7. How did you get signed up with Lion Music and what made you choose them?

JB They actually came to me. They found me through and asked me to play on the Jason Becker tribute "Warmth in the Wilderness". I already had 'flying beyond the 9' finished except for mixing, but at first, I didn't even mention it. I just said "of course I'll play on the tribute". A couple of weeks later, I emailed Lasse at Lion and said "By the way, I have a nearly finished new album that needs a home, do you want to hear it?"
They said " Yes, send it in". They jumped on the album right away, but as I said, I had had almost two years of nothing but rejection letters. In all honesty, I had no way of knowing that Lion Music would deal with me honestly, I took a chance. I'm really glad I did at this point because so far, they have kept every promise they made, and been the coolest people I've ever dealt with.

8. Are you in contact much with Malmsteen - since he really likes your style etc.?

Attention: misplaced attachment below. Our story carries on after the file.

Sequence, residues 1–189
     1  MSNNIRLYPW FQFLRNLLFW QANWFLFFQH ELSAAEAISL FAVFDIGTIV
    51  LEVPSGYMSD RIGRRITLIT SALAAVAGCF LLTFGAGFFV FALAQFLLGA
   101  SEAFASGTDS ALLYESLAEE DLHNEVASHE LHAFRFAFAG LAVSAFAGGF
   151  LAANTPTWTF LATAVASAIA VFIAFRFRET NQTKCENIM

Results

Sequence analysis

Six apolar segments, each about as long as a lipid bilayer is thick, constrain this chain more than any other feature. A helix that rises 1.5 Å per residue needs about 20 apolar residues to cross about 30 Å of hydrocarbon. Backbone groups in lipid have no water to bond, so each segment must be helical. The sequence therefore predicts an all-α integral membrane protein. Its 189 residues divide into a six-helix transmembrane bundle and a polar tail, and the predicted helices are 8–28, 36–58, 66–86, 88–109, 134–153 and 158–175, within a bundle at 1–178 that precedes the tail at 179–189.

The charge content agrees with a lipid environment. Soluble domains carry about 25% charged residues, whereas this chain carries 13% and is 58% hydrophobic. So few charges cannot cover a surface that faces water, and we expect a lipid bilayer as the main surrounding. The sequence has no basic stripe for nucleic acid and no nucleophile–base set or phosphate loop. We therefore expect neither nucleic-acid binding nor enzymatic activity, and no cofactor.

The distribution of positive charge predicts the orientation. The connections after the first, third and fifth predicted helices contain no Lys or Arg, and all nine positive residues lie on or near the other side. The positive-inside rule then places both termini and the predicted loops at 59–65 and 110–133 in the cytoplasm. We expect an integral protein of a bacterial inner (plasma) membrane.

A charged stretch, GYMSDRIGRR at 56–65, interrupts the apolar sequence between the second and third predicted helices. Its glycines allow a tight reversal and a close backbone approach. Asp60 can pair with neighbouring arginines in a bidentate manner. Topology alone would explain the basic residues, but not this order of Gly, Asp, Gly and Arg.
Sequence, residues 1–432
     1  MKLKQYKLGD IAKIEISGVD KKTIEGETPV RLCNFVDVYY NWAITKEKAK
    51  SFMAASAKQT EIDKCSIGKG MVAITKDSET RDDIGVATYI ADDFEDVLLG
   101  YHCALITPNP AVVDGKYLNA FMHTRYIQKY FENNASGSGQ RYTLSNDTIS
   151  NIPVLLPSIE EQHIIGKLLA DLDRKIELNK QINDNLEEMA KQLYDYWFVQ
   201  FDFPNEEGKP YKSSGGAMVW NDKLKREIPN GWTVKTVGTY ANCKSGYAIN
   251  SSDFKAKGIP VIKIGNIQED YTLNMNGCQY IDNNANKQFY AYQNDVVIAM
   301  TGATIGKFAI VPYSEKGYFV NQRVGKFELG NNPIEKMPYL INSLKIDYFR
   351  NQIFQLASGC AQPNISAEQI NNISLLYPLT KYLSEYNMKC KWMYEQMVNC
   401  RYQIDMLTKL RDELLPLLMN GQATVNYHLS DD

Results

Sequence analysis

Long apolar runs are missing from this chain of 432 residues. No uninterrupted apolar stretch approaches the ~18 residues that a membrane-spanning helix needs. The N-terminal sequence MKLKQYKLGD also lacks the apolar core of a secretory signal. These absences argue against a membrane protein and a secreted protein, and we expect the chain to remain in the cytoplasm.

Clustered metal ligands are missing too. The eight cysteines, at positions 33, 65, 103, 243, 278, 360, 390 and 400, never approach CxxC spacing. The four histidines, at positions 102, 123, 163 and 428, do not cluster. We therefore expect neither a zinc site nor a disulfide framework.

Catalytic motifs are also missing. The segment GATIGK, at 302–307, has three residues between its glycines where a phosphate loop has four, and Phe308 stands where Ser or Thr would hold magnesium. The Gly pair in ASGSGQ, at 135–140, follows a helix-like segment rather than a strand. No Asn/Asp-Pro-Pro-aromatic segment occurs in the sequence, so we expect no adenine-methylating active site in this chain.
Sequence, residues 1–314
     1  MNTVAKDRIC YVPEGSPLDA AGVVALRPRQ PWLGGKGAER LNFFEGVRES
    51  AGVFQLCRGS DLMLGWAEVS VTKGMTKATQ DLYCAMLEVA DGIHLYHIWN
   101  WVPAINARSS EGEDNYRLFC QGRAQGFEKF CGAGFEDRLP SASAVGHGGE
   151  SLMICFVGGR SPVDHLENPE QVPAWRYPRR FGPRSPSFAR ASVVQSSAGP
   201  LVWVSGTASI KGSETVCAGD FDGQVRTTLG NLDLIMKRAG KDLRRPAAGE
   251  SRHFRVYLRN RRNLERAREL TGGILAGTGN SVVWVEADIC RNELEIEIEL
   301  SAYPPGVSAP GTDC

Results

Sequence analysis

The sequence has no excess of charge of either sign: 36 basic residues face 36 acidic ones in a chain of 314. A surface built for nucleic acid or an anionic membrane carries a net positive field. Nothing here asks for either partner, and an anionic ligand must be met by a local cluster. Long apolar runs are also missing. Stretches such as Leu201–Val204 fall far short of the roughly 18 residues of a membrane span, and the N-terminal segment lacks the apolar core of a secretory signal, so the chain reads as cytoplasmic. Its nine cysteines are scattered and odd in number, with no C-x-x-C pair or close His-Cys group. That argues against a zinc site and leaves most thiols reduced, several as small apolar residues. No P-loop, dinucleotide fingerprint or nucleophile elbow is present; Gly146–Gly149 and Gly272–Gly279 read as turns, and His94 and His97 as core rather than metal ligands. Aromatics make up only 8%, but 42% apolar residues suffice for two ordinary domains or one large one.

JB I haven't talked with Yng in several months, I think he's out. Our hang-time -naturally- depends on his tour schedule mostly. Once in a while he'll ring me up from the road.

9. Are you planning to play in Britain - if so - who with, where and when?

JB I have no plans for a tour at this point.

10. What made you decide to form a guitar company?

JB Well, I'm not a "Guitar Company" in the sense of mass production -at this point-, I'm a guy who's designed and patented an instrument; the ByrdÔ Super Aviantiâ Balance Compensated Wingâ guitar, and I've personally built and sold a few instruments to players who could afford them. But the short story is, I wanted an instrument that no one made, and it turned into a full-scale effort.

11. How is the company?

JB Small! But the assets are considerable in terms of a research base and intellectual property. I hope to eventually strike a licensing agreement with a manufacturer, but that's been an uphill battle, not a lot different than trying to get signed. I'm working on it.